Additionally, the Society concludes that “Nanoparticles may also accumulate in certain organs, disrupt and impair biological, structural and metabolic processes and weaken the immune system.” Animals studies have demonstrated that nanoparticle ingestion changes the structure of the lining of the intestinal walls. Among other potential problems, such structural changes hold the potential for over-absorption of harmful compounds.
Additionally, research has indicated there are potential adverse health effects of nanoparticles on respiratory and cardiovascular systems, and studies of manufactured nanoparticles have demonstrated toxic properties.
Among other health-related issues researchers are studying the potential link between Titanium Dioxide nanoparticles in food and an increased risk for inflammatory bowel diseases such as Crohn’s disease and colitis.
And finally, a recent study funded by the National Science Foundation and published by the American Chemical Society found that nanomaterials in food and drinks can interfere with digestive cells, changing the normal organization and decreasing the number of microvilli (finger-like projections on the cells that help us digest food). What this means essentially is that in humans, if such an effect occurs as food and drinks pass through the gastrointestinal tract, these nanomaterials could lead to poor digestion or diarrhea.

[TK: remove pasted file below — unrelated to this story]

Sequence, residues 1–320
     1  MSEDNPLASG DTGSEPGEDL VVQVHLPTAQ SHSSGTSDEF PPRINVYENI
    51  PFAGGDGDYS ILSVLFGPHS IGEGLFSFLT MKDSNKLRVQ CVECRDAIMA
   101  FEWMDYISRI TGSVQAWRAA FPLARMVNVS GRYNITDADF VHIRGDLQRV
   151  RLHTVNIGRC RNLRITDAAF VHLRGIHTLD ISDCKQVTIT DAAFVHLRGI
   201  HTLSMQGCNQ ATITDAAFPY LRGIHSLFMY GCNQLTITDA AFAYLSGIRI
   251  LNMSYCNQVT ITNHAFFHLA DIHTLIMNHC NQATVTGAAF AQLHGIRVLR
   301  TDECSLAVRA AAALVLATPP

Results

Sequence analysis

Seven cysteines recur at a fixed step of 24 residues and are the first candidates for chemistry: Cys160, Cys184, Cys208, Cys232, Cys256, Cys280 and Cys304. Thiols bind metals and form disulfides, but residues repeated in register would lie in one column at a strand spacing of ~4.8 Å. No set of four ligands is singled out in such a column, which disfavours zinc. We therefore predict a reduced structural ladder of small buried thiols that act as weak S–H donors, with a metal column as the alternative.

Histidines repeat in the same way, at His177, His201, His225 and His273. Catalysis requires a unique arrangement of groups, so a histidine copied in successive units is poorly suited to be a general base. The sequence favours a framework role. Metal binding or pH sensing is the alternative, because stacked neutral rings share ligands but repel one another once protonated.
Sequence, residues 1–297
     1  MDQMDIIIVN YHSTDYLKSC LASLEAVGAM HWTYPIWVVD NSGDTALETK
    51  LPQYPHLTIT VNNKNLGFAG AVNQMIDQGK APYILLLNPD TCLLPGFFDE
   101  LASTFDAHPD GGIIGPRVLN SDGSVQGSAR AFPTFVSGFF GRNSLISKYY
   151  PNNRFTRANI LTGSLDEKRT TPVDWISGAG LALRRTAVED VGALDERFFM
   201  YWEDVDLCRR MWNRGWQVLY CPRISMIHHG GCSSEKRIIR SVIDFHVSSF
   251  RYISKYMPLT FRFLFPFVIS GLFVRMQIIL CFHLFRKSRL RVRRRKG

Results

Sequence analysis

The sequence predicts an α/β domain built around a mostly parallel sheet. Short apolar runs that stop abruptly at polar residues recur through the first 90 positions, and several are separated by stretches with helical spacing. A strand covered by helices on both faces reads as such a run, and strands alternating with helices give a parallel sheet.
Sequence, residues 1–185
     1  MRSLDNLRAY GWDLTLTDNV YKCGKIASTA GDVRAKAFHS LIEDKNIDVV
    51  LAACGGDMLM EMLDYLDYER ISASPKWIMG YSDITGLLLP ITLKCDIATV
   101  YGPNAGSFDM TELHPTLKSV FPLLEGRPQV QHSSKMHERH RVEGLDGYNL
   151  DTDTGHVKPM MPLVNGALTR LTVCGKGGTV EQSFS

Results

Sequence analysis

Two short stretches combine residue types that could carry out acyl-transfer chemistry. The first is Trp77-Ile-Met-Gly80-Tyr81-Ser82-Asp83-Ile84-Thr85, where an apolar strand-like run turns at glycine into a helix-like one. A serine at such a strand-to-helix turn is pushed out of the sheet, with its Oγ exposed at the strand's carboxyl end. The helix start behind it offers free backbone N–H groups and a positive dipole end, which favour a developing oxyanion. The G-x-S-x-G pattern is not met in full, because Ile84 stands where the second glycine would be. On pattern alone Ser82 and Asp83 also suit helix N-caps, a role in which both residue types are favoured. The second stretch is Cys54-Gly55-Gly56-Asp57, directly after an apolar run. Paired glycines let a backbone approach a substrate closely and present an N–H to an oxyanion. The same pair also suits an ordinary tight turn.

Researchers fed either titanium dioxide (E171 or TiO2 NPs) to two populations of mice as part of their daily diet. One population was fed a high-fat diet similar to that of many Americans, two-thirds of whom are obese or overweight; the other group of mice was fed a low-fat diet. The mice fed a high-fat diet eventually became obese, while the mice on the low-fat diet did not.
“In both the non-obese mice and obese mice, the gut microbiota was disturbed by titanium dioxide (E171 and TiO2 NPs). The nanosized particles caused more negative changes in both groups of mice.”
Moreover, the obese mice were more susceptible to the adverse effects of titanium dioxide (TiO2 NPs), causing more damage in obese mice than in non-obese ones.
The researchers found titanium dioxide (TiO2 NPs) decreased cecal levels of short-chain fatty acids, which are essential for colon health, and increased pro-inflammatory immune cells and cytokines in the colon, indicating an inflammatory state.
To evaluate the direct health impact of gut microbiota disrupted by titanium dioxide (TiO2 NP), the scientists conducted a fecal transplant study. They gave mice antibiotics to clear out their original gut microbiota and then transplanted fecal bacteria from the titanium dioxide-treated mice to the antibiotic-treated mice.
“The results support our hypothesis that including titanium dioxide (TiO2 NPs) in the diet disrupts the homeostasis of the gut microbiota, which in turn leads to colonic inflammation in the mice.”
Journal Reference: Xiaoqiong Cao, Yanhui Han, Min Gu, Hengjun Du, Mingyue Song, Xiaoai Zhu, Gaoxing Ma, Che Pan, Weicang Wang, Ermin Zhao, Timothy Goulette, Biao Yuan, Guodong Zhang, Hang Xiao. Foodborne Titanium Dioxide Nanoparticles Induce Stronger Adverse Effects in Obese Mice than Non‐Obese Mice: Gut Microbiota Dysbiosis, Colonic Inflammation, and Proteome Alterations. Small, 2020; 2001858 DOI: 10.1002/smll.202001858